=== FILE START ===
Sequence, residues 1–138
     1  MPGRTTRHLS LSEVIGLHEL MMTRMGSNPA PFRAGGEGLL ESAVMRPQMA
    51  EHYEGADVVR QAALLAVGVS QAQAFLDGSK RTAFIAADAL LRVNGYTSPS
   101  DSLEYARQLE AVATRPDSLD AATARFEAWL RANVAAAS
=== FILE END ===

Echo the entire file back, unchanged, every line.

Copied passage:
Sequence, residues 1–138
     1  MPGRTTRHLS LSEVIGLHEL MMTRMGSNPA PFRAGGEGLL ESAVMRPQMA
    51  EHYEGADVVR QAALLAVGVS QAQAFLDGSK RTAFIAADAL LRVNGYTSPS
   101  DSLEYARQLE AVATRPDSLD AATARFEAWL RANVAAAS